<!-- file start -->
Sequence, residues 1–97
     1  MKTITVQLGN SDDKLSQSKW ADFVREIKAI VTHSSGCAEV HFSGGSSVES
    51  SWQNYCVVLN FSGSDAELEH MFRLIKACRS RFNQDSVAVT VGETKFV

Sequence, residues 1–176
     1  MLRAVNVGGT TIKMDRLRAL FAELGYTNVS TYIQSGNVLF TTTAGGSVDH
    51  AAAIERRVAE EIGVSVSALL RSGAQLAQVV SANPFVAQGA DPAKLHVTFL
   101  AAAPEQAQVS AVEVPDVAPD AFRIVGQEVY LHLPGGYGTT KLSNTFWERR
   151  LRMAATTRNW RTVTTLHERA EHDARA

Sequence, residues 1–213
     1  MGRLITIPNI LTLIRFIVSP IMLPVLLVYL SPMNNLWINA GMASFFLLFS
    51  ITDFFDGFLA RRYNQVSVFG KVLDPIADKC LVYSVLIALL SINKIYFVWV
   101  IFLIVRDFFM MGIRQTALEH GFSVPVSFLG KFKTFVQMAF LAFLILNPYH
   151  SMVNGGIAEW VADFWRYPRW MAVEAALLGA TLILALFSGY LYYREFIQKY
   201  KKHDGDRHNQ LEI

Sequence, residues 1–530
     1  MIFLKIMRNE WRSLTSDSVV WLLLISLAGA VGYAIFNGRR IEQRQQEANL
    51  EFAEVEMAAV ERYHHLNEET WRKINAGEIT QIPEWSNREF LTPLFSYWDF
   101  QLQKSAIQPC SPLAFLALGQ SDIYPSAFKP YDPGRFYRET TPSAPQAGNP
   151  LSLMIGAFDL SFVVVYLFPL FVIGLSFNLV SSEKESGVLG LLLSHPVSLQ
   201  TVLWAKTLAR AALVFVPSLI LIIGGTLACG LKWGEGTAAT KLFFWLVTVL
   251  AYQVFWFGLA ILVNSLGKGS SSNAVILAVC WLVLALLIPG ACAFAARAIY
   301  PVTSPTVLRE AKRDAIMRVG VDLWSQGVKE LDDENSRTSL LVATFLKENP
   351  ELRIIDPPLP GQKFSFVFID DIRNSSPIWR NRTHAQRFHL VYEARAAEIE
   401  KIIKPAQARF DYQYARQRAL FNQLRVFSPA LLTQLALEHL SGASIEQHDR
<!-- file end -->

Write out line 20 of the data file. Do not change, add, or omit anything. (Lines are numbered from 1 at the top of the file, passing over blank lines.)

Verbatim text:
   201  TVLWAKTLAR AALVFVPSLI LIIGGTLACG LKWGEGTAAT KLFFWLVTVL